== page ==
“People with self-respect have a kind of moral nerve. The willingness to accept responsibility for one’s own life – is the source from which self-respect springs.” – Joan Dideon (quoted in Failure to Communicate – How Conversations Go Wrong & What You Can Do to Right Them, by Holly Weeks)
“If we continue to refuse to deal with things in an orderly and rational way, we will head into some sort of major catastrophe, sooner or later,” he said. “If we are lucky it will be big enough to wake us up worldwide but not big enough to wipe us out. That is the best we can hope for. We must transcend our evolutionary history. We’re Ice Age hunters with a shave and a suit. We are not good long-term thinkers. We would much rather gorge ourselves on dead mammoths by driving a herd over a cliff than figure out how to conserve the herd so it can feed us and our children forever. That is the transition our civilization has to make. And we’re not doing that.” – Ronald Wright in conversation with Chris Hedges in an article called ‘The Myth of Human Progress’
“To live content with small means; to seek elegance rather than luxury; and refinement rather than fashion; to be worthy, not respectable; and wealthy, not rich; to study hard, think quietly, talk gently, act frankly; to listen to stars and birds, to babes and sages, with open heart; to bear all cheerfully, do all bravely, await occasion, hurry never; in a word, to let the spiritual, unbidden and unconscious grow up through the common. This is to be my symphony.” – William Henry Channing
“The only people for me are the mad ones, the ones who are mad to live, mad to talk, mad to be saved, desirous of everything at the same time, the ones who never yawn or say a commonplace thing, but burn, burn, burn like fabulous yellow roman candles exploding like spiders across the stars...” – Jack Kerouac
“A woman is an important somebody and sometimes you win the triple crown: good food, good sex, and good talk. Most men settle for any one, happy as a clam if they get two. But listen, let me tell you something. A good man is a good thing, but there is nothing in the world better than a good, good woman. She can be your mother, your wife, your girlfriend, your sister, or somebody you work next to. Don’t matter. You find one, stay there. You see a scary one, make tracks.” – grandfather character Sandler Gibbons speaking to his grandson Romen, from the novel Love, by Toni Morrison
“If a thing is never spoken between people who know each other well, and each knows the thing well, maybe it’s not a secret. …. It’s a powerful thing, that ability to tell the truth when the truth is upon you, but it has another power entirely when you don’t tell it.” – Stephen Jenkinson in Die Wise – A Manifesto for Sanity and Soul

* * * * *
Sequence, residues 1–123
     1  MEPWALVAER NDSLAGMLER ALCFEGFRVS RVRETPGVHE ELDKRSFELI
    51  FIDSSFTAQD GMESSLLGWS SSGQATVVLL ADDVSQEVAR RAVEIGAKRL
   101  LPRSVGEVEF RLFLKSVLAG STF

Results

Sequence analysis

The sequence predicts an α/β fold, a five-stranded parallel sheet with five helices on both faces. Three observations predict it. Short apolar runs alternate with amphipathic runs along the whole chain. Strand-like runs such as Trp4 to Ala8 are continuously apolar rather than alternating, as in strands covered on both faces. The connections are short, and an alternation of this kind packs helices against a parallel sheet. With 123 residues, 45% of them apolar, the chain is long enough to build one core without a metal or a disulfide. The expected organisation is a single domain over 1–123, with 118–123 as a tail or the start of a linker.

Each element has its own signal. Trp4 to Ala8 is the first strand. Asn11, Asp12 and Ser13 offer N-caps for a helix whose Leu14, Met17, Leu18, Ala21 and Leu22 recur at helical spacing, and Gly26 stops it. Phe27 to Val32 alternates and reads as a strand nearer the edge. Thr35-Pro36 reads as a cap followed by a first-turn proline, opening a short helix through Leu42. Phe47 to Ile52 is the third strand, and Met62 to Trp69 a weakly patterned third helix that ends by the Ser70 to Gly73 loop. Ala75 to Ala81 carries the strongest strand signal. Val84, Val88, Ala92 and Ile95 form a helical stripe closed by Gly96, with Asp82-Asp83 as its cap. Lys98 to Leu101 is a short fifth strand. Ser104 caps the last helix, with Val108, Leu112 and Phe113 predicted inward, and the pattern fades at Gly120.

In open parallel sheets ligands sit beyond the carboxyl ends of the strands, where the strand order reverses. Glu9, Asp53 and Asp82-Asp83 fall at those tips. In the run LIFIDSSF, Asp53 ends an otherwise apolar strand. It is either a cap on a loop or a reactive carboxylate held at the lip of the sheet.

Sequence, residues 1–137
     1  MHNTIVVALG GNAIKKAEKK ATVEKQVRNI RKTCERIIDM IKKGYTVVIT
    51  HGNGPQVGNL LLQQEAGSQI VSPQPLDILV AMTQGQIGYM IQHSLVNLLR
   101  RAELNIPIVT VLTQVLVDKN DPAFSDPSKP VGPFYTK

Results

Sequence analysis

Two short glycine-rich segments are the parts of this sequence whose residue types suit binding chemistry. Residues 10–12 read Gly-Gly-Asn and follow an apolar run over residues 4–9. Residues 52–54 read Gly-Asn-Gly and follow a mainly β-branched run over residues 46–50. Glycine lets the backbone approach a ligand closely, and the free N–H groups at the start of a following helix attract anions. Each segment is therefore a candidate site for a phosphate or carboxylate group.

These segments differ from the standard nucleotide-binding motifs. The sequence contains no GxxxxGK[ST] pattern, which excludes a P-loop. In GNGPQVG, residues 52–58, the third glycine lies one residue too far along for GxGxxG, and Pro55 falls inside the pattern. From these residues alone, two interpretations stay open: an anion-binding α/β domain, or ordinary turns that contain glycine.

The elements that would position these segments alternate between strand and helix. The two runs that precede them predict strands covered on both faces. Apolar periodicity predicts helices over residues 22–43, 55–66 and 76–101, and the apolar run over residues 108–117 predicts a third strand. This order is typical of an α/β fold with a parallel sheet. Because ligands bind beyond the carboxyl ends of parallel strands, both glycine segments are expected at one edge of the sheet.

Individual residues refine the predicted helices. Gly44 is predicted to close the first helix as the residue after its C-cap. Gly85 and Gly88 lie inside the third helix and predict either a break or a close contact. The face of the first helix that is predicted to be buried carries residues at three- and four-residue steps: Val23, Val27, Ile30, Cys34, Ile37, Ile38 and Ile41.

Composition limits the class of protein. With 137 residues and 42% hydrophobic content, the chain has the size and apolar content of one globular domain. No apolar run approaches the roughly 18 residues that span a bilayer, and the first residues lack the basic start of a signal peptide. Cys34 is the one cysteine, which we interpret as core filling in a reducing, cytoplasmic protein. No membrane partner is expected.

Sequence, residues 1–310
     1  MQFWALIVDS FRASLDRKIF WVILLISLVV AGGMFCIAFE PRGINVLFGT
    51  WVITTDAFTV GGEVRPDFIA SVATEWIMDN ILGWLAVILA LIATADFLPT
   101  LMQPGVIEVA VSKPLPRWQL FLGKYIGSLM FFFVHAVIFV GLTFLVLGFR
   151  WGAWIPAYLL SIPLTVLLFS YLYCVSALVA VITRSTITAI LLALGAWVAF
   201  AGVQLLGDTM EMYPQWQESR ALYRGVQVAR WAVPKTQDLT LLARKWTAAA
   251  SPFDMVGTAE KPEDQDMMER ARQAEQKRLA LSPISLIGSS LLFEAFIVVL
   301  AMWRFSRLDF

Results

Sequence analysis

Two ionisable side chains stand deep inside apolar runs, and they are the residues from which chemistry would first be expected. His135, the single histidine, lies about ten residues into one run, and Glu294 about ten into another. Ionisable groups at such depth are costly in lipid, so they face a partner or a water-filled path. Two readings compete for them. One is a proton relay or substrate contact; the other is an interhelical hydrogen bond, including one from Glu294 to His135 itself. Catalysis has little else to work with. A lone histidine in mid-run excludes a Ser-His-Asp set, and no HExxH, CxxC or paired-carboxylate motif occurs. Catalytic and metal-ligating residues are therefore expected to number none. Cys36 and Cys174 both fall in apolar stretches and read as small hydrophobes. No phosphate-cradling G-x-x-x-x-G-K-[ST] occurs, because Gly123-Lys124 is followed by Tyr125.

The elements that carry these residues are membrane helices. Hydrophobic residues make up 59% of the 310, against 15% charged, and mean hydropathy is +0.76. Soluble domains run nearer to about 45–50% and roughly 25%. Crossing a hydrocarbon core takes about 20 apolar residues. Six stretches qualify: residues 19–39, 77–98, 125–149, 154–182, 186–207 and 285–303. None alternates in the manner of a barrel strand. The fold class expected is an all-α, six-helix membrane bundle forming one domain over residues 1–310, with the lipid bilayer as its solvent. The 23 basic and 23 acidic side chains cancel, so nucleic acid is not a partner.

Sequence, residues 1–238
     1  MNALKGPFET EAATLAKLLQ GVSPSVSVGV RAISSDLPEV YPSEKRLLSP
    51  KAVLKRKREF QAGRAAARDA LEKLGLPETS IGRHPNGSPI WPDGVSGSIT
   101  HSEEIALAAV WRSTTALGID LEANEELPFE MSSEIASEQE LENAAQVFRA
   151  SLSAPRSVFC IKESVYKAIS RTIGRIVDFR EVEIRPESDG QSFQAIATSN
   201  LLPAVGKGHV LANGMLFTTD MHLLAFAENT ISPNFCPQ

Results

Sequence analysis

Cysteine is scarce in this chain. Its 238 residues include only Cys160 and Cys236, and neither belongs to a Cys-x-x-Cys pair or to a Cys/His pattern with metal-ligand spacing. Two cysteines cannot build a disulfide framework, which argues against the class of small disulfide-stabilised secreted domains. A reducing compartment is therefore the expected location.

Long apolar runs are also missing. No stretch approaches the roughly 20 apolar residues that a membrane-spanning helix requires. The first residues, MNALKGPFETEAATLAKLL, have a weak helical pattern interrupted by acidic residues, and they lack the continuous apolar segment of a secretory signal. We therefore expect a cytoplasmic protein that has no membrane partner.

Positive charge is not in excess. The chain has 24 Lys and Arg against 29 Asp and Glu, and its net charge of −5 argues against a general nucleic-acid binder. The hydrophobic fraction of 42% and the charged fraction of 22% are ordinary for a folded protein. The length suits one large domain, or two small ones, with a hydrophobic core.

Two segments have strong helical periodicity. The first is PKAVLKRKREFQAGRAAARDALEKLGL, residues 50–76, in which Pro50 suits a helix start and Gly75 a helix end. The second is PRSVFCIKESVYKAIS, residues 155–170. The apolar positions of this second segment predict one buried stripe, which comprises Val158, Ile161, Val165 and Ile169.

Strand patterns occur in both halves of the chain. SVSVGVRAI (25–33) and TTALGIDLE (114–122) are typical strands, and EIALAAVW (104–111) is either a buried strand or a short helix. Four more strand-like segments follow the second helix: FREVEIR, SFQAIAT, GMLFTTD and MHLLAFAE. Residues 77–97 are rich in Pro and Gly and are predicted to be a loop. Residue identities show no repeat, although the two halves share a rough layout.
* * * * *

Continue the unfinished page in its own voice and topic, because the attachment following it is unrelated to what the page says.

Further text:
“If you can’t say something, you can’t see it either.” – Stephen Jenkinson in Die Wise – A Manifesto for Sanity and Soul
“I have learned silence from the talkative, tolerance from the intolerant, and kindness from the unkind; yet strangely, I am ungrateful to these teachers.” – Kahlil Gibran
“I do not want to talk about what you understand about this world. I want to know what you will do about it. I do not want to know what you hope. I want to know what you will work for. I do not want your sympathy for the needs of humanity. I want your muscle.” – Robert Fulghum
Talk – Action = Zero ……… ad in Jan/Feb. 2009 ‘Watershed Sentinel’ magazine
“It’s one of the secrets of the world. We all have the key to one another’s locks. But until we start to talk, we don’t know it.” – Michael Silverblatt, host of KCRW’s ‘Bookworm’ radio show
“Words bring us together, and silence separates us, leaves us bereft of the help or solidarity or just communion that speech can solicit or elicit. Some species of trees spread root systems underground that interconnect the individual trunks and weave the individual trees into a more stable whole that can’t so easily be blown down in the wind. Stories and conversation are like those roots. For a century, the human response to stress and danger has been defined as “fight or flight.” A 2000 UCLA study by several psychologists noted that this research was based largely on studies of male rats and male human beings. But studying women led them to a third, often deployed option: gather for solidarity, support, advice. They noted that “behaviorally, females’ responses are more marked by a pattern of ‘tend-and-befriend.’ Tending involves nurturant activities designed to protect the self and offspring that promote safety and reduce distress; befriending is the creation and maintenance of social networks that may aid in this process.” Much of this is done through speech, through telling of one’s plight, through being heard, through hearing compassion and understanding in the response of the people you tend to, whom you befriend. Not only women do this, but perhaps women do this more routinely. It’s how I cope, now that I have one.” – Rebecca Solnit in The Mother of All Questions
**** Quotes about Silence are here